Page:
Measuring the ‘farts’ of dead trees may not be something that comes to mind when first considering emissions of carbon dioxide into the atmosphere. It does need to be factored in, according to research by scientists at North Carolina State University.
Greenhouse gas (GHG) emissions from standing dead trees in coastal wetland forests – colloquially called “tree farts” – need to be accounted for when assessing the environmental impact of so-called “ghost forests, say the researchers.
“Even though these standing dead trees are not emitting as much as the soils, they’re still emitting something, and they definitely need to be accounted for,” said the study’s lead author Melinda Martinez, a graduate student in forestry and environmental resources at NC State.
“Even the smallest fart counts.”
Ghost forests in the Albemarle-Pamlico Peninsula in North Carolina are on the increase due to sea level rise.
Melinda Martinez explained:
“The transition from forest to marsh from these disturbances is happening quickly, and it’s leaving behind many dead trees. We expect these ghost forests will continue to expand as the climate changes.”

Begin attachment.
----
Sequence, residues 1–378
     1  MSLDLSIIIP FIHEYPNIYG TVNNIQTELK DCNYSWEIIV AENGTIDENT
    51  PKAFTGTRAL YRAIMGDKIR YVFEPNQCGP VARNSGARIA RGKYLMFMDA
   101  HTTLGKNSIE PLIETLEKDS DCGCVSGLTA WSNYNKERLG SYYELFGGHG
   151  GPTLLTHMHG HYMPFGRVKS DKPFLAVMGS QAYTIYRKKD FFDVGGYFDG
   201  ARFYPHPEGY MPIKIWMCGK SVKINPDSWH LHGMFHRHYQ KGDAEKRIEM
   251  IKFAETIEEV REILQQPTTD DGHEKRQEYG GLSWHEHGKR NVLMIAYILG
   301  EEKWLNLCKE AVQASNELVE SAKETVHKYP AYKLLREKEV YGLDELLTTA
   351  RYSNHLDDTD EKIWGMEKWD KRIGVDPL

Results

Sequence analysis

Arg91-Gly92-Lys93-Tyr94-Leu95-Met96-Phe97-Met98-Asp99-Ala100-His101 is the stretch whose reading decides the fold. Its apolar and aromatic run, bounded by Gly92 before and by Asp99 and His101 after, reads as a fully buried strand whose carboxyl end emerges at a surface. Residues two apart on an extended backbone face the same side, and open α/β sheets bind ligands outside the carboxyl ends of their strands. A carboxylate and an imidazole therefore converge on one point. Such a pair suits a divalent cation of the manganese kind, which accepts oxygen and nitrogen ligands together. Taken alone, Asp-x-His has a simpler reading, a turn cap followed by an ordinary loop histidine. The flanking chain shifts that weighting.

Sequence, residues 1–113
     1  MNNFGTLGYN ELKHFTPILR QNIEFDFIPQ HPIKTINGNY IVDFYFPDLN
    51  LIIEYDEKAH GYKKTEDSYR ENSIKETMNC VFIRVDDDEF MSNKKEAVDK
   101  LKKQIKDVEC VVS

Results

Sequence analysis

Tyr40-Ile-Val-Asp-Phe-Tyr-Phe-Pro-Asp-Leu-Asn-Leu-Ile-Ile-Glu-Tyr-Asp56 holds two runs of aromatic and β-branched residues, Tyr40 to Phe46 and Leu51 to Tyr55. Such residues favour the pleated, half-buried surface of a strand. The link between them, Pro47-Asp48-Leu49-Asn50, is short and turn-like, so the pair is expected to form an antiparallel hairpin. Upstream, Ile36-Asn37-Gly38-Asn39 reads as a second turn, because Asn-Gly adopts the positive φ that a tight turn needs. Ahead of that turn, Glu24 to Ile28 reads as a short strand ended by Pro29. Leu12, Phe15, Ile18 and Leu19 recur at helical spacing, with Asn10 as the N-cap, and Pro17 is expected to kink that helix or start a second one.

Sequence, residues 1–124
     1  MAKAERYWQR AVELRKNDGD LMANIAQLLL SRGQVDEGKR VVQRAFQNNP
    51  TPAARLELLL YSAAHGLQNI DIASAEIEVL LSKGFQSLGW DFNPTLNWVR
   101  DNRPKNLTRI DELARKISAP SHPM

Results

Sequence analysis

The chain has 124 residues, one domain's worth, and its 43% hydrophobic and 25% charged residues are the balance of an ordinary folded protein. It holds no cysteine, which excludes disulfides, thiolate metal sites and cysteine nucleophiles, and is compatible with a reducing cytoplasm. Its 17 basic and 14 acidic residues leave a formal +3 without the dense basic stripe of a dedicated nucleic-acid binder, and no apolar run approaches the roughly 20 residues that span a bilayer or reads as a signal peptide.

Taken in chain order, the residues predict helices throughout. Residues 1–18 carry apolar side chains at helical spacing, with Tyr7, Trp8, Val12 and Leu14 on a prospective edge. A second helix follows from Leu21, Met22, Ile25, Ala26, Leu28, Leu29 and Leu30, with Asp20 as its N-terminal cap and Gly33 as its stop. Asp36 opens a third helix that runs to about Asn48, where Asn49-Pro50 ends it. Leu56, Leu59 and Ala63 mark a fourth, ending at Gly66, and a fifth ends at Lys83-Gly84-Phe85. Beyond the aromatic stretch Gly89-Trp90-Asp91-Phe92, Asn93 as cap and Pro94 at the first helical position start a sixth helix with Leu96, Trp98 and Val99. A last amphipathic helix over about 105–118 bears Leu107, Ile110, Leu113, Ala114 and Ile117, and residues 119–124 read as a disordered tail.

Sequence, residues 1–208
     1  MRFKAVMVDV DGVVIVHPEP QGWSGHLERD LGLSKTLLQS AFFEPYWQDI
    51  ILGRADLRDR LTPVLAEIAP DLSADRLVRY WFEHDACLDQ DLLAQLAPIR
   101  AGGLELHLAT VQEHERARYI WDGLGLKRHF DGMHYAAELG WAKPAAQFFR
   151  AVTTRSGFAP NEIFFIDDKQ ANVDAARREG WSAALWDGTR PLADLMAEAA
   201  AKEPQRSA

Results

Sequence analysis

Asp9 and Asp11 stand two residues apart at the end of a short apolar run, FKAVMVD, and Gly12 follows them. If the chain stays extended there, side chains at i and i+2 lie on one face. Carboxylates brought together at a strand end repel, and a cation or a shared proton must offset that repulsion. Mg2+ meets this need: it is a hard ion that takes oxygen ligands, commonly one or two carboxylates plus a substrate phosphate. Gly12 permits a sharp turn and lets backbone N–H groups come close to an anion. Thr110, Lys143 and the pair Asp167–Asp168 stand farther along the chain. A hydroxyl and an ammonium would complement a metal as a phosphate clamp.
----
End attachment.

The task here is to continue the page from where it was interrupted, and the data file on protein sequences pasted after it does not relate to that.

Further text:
Using portable gas analyzers, researchers measured gases emitted by snags and from soils in each forest in 2018 and 2019. Overall average emissions from soils were approximately four times higher than average emissions from snags in both years. And while snags did not contribute as much as soils, researchers said they do contribute significantly to emissions.
“We started off this research wondering: Are these snags straws or corks?” said study co-author Marcelo Ardon, associate professor of forestry and environmental sciences at NC State.
“Are they facilitating the release from soils, or are they keeping the gases in? We think that they act as straws, but as a filtered straw. They change those gases, as the gases move through the snags.”
In addition to finding that soils emit more GHGs than snags, the work lays the foundation for the researchers’ ongoing work to understand the role snags are playing in emissions – whether they prevent emissions, like corks, or release them like straws. That is an area of future research they’re currently continuing to explore.
The study, “Drivers of Greenhouse Gas Emissions from Standing Dead Trees in Ghost Forests,” was published online in Biogeochemistry on May 10, 2021. Funding was provided by the National Science Foundation under grant DEB1713592 and a 2019 North Carolina Sea Grant/SpaceGrant Fellowship.